Swinging for the Fences: The Parable of the Tribes–Step Three: Selection for the Ways of Power

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In the previous two postings, I’ve described what was unprecedented about civilized societies in the context of the history of life on earth—a life-form unregulated by any order, biological or man-made. (See www.nonesoblind.org/blog/?p=11137.) And I described how that “anarchy” in the system of interacting civilized societies condemned those societies to a struggle for power. (See www.nonesoblind.org/blog/?p=11150.)

But there’s one more piece to the picture that then kicks in to create a truly unwelcome social evolutionary force that is not a function of human nature or human choice, but of the overall system into which humans had unwittingly plunged themselves.

Here’s perhaps the most crucial single passage in The Parable of the Tribes:

The Selection for Power: The Parable of the Tribes

“The new human freedom made striving for expansion and power possible. Such freedom, when multiplied, creates anarchy. The anarchy among civilized societies meant that the play of power in the system was uncontrollable. In an anarchic situation like that, no one can choose that the struggle for power shall cease.

“But there is one more element in the picture: no one is free to choose peace, but anyone can impose upon all the necessity for power. This is the lesson of the parable of the tribes.

“Imagine a group of tribes living within reach of one another. If all choose the way of peace, then all may live in peace. But what if all but one choose peace, and that one is ambitious for expansion and conquest? What can happen to the others when confronted by an ambitious and potent neighbor? Perhaps one tribe is attacked and defeated, its people destroyed and its lands seized for the use of the victors. Another is defeated, but this one is not exterminated; rather, it is subjugated and transformed to serve the conqueror. A third seeking to avoid such disaster flees from the area into some inaccessible (and undesirable) place, and its former homeland becomes part of the growing empire of the power-seeking tribe. Let us suppose that others observing these developments decide to defend themselves in order to preserve themselves and their autonomy. But the irony is that successful defense against a power-maximizing aggressor requires a society to become more like the society that threatens it. Power can be stopped only by power, and if the threatening society has discovered ways to magnify its power through innovations in organization or technology (or whatever), the defensive society will have to transform itself into something more like its foe in order to resist the external force.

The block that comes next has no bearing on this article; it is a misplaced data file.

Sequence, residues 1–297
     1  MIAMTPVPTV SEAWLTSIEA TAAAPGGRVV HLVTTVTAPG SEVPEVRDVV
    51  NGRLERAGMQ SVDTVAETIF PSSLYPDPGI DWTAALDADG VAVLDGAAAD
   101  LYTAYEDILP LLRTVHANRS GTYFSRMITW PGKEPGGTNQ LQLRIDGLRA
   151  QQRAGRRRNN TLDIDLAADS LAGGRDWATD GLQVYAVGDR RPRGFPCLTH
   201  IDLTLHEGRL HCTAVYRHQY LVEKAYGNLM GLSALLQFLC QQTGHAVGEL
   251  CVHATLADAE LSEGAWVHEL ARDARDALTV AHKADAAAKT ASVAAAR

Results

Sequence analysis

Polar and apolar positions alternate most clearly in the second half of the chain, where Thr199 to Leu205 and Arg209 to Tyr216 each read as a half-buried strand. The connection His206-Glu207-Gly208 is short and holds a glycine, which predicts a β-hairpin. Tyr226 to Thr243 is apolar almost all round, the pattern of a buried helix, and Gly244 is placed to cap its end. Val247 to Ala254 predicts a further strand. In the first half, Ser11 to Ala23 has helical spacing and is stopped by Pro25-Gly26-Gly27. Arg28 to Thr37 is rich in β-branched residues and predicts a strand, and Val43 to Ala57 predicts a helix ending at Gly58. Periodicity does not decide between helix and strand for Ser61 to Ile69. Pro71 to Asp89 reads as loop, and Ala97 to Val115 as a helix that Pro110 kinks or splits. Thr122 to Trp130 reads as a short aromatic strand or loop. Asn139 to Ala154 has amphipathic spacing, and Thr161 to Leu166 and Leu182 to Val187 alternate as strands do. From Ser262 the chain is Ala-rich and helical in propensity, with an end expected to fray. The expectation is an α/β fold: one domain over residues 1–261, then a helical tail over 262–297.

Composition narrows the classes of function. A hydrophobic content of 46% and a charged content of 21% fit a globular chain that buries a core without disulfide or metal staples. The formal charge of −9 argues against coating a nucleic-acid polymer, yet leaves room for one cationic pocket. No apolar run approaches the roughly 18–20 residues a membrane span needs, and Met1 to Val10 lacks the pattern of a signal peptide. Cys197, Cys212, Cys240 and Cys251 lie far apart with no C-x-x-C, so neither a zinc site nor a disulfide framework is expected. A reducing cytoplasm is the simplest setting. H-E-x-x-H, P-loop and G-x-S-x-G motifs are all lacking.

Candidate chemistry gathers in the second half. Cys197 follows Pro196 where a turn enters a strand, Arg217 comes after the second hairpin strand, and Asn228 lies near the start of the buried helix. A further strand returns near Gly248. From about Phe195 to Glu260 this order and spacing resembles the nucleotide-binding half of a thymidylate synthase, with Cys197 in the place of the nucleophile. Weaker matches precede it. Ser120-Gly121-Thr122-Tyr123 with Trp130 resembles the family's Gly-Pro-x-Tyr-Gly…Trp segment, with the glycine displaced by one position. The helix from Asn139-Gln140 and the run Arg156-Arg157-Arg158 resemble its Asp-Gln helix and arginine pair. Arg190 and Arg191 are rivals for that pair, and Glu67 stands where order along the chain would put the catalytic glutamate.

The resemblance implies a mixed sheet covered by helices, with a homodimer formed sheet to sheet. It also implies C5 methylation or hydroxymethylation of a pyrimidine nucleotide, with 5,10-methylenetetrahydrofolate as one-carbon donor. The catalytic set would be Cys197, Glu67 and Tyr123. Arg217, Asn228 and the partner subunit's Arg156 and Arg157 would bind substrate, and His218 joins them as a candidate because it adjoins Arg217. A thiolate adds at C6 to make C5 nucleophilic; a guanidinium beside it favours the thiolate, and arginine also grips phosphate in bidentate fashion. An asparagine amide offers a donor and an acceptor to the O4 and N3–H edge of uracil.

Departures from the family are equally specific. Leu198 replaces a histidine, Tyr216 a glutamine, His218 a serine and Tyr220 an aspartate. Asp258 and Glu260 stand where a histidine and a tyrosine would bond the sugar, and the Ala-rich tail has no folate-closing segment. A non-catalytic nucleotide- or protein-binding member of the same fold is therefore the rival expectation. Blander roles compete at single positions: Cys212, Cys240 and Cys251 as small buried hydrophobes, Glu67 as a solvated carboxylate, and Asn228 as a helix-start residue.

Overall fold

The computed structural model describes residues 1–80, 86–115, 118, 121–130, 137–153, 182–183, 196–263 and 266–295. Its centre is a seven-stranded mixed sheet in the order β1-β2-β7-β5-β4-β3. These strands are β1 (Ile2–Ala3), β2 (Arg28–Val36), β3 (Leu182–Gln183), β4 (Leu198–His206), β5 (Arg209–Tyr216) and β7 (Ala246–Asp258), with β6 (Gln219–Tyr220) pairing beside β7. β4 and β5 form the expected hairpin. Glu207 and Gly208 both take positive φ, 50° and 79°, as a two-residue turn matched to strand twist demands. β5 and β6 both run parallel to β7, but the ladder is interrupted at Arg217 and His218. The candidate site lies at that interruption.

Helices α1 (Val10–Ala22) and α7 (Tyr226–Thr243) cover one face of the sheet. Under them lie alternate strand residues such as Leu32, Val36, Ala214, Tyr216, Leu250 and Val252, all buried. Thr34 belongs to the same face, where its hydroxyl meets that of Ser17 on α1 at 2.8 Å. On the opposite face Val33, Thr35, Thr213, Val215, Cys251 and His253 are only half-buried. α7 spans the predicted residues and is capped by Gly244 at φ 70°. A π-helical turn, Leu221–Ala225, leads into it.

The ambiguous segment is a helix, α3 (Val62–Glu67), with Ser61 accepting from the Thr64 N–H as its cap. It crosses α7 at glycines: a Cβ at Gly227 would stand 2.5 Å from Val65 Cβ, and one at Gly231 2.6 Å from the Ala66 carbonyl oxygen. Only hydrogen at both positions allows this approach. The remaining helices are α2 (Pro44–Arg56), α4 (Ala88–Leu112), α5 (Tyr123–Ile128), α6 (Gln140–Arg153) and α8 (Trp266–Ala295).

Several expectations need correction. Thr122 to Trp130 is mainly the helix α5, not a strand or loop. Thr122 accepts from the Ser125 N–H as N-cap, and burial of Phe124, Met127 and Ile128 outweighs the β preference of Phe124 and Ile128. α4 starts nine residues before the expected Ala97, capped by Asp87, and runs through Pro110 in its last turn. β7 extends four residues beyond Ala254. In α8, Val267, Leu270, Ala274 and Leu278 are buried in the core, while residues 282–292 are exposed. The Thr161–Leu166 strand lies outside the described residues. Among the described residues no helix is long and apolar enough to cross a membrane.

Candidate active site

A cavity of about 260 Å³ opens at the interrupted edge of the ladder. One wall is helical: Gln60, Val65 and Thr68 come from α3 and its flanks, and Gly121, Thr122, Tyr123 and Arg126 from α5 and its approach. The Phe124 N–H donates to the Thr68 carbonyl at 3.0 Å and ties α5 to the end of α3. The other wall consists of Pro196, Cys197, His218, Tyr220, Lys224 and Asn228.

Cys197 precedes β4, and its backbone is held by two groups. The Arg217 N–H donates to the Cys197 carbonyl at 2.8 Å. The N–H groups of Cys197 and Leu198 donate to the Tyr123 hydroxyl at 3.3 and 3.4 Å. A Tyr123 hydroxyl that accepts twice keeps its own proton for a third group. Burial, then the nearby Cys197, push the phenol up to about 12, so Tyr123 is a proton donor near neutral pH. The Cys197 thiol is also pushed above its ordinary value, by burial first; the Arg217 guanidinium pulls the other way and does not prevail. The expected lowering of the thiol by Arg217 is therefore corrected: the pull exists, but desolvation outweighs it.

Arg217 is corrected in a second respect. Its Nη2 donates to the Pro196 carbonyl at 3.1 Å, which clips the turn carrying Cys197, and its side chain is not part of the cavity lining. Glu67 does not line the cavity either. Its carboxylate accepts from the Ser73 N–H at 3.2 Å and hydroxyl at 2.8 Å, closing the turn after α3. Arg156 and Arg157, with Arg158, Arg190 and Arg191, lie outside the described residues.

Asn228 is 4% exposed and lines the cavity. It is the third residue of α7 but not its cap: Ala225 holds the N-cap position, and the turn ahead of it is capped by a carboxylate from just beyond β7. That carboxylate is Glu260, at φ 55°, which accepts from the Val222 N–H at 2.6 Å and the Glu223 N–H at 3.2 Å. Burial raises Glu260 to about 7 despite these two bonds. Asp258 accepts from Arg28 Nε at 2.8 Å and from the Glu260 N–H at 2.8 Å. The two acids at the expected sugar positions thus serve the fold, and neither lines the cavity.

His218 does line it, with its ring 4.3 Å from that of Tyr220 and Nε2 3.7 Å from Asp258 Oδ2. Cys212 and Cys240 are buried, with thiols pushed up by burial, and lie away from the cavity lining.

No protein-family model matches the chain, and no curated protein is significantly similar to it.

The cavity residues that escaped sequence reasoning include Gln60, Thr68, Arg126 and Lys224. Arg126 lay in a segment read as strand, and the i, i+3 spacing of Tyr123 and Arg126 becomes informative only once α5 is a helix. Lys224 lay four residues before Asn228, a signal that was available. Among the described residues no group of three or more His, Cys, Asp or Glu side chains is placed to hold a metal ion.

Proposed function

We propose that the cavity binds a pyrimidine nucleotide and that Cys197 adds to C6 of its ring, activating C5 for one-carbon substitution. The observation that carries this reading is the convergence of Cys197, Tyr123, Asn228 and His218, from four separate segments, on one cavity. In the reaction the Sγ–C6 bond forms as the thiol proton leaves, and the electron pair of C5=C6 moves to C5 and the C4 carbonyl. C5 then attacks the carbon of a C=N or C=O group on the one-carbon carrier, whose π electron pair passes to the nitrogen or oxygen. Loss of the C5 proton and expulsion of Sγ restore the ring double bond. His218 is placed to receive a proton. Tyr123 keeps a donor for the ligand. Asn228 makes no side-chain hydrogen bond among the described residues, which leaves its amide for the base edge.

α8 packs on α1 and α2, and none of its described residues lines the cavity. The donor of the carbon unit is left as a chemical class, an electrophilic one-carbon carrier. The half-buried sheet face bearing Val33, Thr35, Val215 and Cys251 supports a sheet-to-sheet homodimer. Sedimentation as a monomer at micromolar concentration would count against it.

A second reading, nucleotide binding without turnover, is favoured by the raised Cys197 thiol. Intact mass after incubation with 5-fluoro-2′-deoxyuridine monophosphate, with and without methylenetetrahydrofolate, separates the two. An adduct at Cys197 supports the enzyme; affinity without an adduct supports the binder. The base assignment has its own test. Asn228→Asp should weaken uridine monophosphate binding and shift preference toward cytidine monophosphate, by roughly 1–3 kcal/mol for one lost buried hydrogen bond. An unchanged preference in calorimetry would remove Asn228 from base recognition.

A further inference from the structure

“I have just outlined four possible outcomes for the threatened tribes: destruction, absorption and transformation, withdrawal, and imitation. In every one of these outcomes the ways of power are spread throughout the system. This is the parable of the tribes.

“The parable of the tribes is a theory of social evolution which shows that power is like a contaminant, a disease, which once introduced will gradually yet inexorably become universal in the system of competing societies. More important than the inevitability of the struggle for power is the profound social evolutionary consequence of that struggle once it begins. A selection for power among civilized societies is inevitable. If anarchy assured that power among civilized societies could not be governed, the selection for power signified that increasingly the ways of power would govern the destiny of mankind. This is the new evolutionary principle that came into the world with civilization. Here is the social evolutionary black hole that we have sought as an explanation of the harmful warp in the course of civilization’s development…

“Selection sorts through the wide variety of cultural possibilities, inexorably spreading the ways of power…

“The competitive power of a society is a function of many components of its culture. The way it is organized – politically, socially, and economically – is important. Vital, too, is its technology. Ideology and the psychological structure of the people are also essential determinants of a society’s power.

“The consistent selection for power, therefore, can shape the whole cultural life of civilized peoples in its many dimensions.”

“Among all the cultural possibilities, only some will be viable. The selection for power can discard those who revere nature in favor of those willing and able to exploit it. The warlike may eliminate the pacifistic; the ambitious, the content. Civilized societies will displace the remaining primitives, modern industrial powers will sweep away archaic cultures. The iron makers will be favored over those with copper or no metallurgy at all, and the horsemen will have sway over the unmounted. Societies that are coherently organized and have strong leadership will make unviable others with more casual power structures and more local autonomy.

“As the parable of the tribes spreads the ways of power, what looked like open-ended cultural possibilities are channeled in a particular, unchosen direction.”

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